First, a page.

A newspaper article that struck a chord with me recently was The Guardian’s It’s good to talk: China opens up to psychotherapy. Whilst I was reading the article I realised that as a psychotherapist how fortunate I’ve been to have had access to such high standards of psychotherapy training and re-training with newer therapies such as EMDR throughout the years in my chosen profession. And I’ve been fortunate to experience life here and abroad. These two combined factors mean that I am able to support and empathise with clients during counselling sessions.
I realised how fortunate we are in the UK to have talking therapy answers to the issues raised in the article such as identity, relationships and anxiety. Also, answers that address specific issues at a deeper level such as loneliness, isolation, self-esteem, conflict and trauma. However, I found myself realising that even with our advanced access to therapy there are lifestyle similarities with China.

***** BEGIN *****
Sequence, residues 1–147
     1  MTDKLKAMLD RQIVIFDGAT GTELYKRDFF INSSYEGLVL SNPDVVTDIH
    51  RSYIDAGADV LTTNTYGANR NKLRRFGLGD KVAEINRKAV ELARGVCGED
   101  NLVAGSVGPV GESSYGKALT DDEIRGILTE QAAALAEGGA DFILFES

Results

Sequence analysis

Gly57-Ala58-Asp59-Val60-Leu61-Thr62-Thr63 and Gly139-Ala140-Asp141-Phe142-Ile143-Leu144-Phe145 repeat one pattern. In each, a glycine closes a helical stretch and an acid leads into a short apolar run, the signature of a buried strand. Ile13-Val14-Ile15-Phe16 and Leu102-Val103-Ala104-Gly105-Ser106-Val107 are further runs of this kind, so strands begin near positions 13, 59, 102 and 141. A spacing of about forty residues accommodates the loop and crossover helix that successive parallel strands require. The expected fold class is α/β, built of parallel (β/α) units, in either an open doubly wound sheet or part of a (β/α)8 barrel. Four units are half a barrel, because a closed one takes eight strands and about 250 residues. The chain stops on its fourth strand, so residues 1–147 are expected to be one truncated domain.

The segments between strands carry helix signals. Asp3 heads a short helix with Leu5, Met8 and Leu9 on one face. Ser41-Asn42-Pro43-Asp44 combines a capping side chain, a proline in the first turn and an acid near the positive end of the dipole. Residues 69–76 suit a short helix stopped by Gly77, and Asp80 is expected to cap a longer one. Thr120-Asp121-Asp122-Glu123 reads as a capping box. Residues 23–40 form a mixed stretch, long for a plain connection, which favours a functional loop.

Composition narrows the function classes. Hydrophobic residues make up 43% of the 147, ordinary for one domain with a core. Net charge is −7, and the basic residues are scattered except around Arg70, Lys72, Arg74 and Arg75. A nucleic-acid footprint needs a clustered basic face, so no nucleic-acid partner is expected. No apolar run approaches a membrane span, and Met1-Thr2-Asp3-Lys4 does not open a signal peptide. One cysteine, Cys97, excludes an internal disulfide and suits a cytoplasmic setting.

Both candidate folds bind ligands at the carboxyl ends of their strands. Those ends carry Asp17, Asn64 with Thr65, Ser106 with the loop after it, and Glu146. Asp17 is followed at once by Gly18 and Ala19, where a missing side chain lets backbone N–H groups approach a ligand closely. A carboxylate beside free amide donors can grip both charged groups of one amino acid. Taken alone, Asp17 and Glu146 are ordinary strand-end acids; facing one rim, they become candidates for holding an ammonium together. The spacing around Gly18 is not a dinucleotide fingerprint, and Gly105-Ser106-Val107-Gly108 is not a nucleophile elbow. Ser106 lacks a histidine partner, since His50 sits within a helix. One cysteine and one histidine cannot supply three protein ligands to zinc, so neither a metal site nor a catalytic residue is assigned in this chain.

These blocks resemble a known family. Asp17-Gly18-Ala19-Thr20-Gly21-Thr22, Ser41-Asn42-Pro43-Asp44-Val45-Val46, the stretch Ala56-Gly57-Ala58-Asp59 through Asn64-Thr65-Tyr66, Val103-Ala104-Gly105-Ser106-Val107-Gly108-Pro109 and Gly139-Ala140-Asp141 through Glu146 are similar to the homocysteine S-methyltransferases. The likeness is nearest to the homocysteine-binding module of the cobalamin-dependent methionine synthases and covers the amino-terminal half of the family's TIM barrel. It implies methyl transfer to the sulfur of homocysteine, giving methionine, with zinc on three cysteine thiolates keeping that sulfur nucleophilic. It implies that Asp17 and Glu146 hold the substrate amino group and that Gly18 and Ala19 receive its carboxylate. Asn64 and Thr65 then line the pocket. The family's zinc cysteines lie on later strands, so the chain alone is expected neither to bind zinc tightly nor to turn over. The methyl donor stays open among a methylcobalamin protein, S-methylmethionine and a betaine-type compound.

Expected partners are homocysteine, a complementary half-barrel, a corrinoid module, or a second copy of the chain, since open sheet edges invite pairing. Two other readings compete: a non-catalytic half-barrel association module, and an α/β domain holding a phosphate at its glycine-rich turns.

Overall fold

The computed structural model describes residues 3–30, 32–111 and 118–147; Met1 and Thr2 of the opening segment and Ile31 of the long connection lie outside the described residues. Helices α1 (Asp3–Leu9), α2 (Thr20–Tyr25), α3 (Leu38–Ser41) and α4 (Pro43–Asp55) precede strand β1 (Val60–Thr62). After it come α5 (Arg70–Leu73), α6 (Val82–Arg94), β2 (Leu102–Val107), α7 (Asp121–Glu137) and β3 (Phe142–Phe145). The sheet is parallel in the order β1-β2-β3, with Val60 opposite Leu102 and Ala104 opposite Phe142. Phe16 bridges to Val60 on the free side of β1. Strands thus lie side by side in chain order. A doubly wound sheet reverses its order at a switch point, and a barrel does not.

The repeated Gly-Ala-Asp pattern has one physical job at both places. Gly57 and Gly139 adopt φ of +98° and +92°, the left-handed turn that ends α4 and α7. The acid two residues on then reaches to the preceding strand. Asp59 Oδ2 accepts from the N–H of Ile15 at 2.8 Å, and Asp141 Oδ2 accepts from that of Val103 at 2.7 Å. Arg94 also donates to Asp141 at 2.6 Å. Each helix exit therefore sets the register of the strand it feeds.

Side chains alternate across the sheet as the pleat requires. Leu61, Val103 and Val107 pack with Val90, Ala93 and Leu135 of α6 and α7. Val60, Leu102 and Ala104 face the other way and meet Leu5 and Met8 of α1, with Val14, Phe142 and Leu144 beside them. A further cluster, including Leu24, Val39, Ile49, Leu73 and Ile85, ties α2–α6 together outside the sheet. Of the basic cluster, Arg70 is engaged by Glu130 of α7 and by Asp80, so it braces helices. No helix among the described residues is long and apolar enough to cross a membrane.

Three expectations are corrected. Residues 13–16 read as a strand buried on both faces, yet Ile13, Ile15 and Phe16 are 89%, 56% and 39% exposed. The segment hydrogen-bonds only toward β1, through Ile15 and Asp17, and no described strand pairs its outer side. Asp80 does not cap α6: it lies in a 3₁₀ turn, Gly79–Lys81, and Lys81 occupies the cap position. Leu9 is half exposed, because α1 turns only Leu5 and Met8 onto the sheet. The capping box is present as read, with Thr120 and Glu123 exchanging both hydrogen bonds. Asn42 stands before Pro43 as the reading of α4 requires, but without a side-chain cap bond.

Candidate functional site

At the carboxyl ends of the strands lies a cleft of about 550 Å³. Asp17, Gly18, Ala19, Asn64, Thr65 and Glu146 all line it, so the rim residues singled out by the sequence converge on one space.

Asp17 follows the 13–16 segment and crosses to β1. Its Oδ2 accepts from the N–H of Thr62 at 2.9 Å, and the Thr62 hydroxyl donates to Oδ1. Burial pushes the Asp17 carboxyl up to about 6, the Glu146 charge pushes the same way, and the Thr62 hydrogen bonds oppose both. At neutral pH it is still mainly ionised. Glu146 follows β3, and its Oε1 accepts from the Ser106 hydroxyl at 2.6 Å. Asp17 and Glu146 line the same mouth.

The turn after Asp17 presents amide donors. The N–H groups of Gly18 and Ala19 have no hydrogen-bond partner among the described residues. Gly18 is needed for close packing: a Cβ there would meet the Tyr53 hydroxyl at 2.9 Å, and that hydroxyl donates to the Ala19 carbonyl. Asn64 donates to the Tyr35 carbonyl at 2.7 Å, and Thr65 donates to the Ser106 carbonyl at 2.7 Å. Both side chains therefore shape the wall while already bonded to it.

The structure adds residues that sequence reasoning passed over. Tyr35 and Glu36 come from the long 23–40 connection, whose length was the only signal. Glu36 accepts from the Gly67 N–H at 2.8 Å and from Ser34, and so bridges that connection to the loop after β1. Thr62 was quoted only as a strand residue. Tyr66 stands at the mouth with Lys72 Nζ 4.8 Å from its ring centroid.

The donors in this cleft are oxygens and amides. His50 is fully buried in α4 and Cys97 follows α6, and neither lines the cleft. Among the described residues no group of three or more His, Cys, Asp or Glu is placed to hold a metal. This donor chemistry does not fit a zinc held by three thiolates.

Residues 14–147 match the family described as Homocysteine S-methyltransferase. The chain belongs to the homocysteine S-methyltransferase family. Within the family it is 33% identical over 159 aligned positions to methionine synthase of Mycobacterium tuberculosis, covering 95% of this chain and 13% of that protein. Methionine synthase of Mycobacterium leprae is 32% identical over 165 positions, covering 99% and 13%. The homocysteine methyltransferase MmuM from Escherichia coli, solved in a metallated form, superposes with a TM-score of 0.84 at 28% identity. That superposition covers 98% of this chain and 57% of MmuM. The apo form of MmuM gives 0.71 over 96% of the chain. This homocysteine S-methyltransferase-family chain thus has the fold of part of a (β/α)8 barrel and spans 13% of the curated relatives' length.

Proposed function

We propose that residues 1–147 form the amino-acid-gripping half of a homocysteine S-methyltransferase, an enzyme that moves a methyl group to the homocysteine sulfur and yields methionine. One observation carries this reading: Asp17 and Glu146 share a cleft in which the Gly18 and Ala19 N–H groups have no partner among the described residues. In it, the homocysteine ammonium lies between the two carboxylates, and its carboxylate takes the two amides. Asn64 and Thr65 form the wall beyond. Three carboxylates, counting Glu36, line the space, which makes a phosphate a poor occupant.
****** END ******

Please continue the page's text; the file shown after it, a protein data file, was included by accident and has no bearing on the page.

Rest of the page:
In the UK we have relationship and communication issues in families where family members are unable to express their feelings, which is in turn passed on to the next generation causing internal conflict, emotional distress and anxiety. In the multi-cultural UK, I also see clients who have cultural traditions to uphold publically, but privately they want change to live their lives.
Our technology advancement such as instant chat facilities and skype has given us the ability to communicate and has given counsellors such as myself greater access to support clients in emergency situations. However, clients often feel that technology is depressing, a barrier from having positive and close relationships with loved ones, people they want in their lives, or with colleagues.
The article is a fascinating insight to the changes in therapy for China – and I do wonder what would have happened if I’d been born in China!